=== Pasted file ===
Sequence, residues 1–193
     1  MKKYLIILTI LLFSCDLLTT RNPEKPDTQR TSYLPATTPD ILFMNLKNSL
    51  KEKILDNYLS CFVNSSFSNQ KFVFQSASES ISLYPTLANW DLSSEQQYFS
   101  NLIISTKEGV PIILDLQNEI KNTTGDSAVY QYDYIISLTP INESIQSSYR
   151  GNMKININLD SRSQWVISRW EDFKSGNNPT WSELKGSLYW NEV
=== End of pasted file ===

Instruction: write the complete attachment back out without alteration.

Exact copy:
Sequence, residues 1–193
     1  MKKYLIILTI LLFSCDLLTT RNPEKPDTQR TSYLPATTPD ILFMNLKNSL
    51  KEKILDNYLS CFVNSSFSNQ KFVFQSASES ISLYPTLANW DLSSEQQYFS
   101  NLIISTKEGV PIILDLQNEI KNTTGDSAVY QYDYIISLTP INESIQSSYR
   151  GNMKININLD SRSQWVISRW EDFKSGNNPT WSELKGSLYW NEV